The charity Migrant Offshore Aid Station, which helps rescue migrants in the Mediterranean, said today it had received a record 600,000 euros in donations since the publication of a photograph of the drowned Syrian toddler.
"There is an enormous response from the public, the tide of indifference is shifting," said Christian Peregrin, spokesperson for the charity which was set up in Malta in 2013 by an American-Italian couple.
Over 10,000 donors have come forward over the past 48 hours, largely from the United States and Britain, but also from countries including Brazil, Germany and Turkey, Peregrin told AFP.
"It's not a one-off... Many are setting up monthly donations," he said, describing the rush of activity which saw the charity receive 600,000 euros ($66,825).
Founded by Catholic couple Christopher and Regina Catrambone after Pope Francis's appeal against "the globalisation of indifference", MOAS in 2014 charted the "Phoenix", a 40-metre long boat which rescued 3,000 migrants in two months.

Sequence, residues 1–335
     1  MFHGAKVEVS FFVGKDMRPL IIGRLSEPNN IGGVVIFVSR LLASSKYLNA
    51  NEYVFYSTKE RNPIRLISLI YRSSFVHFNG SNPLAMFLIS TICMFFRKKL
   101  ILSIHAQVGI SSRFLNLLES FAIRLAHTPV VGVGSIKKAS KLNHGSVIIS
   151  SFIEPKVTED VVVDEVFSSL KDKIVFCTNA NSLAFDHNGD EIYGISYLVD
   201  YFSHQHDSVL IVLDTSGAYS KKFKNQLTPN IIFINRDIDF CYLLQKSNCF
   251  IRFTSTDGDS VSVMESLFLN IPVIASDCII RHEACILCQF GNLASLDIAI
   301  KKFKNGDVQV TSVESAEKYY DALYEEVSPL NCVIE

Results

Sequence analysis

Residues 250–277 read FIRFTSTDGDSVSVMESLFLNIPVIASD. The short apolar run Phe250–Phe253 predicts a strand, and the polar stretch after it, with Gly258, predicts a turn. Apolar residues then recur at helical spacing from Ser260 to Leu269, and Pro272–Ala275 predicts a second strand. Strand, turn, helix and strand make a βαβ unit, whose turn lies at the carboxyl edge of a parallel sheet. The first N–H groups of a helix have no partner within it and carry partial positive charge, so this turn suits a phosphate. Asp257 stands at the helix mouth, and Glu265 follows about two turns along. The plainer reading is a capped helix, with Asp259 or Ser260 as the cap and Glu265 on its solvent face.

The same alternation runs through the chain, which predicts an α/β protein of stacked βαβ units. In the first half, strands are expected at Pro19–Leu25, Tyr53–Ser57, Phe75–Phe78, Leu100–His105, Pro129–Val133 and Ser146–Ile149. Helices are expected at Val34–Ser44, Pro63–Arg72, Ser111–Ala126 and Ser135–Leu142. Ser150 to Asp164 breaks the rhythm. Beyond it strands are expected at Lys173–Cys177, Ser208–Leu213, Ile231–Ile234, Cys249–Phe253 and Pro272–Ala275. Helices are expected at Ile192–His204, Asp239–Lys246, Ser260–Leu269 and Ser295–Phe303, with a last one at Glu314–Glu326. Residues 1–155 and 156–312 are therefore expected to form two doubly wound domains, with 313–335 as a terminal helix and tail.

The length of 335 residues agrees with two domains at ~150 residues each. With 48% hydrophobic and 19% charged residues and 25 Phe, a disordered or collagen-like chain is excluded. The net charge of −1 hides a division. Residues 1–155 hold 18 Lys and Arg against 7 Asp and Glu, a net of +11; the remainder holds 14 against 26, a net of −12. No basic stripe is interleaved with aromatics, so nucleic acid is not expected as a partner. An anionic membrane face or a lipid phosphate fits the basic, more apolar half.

After a winter pause, the operation began again in May this year in partnership with Doctors Without Borders, and the "Phoenix" has since saved over 8,000 people.
On Friday, it brought another 332 people, including 113 children, to safety in the southern Italian port of Reggio Calabria.
MOAS needs 400,000 euros a month to operate and until now "10,000 euros donated in a day would have been a good day", Peregrin said.
The charity mainly runs on help from large donors, but the publication this week of harrowing images of three-year-old Syrian toddler Aylan Shenu, found dead on a Turkish beach, sparked a flurry of fresh contributions.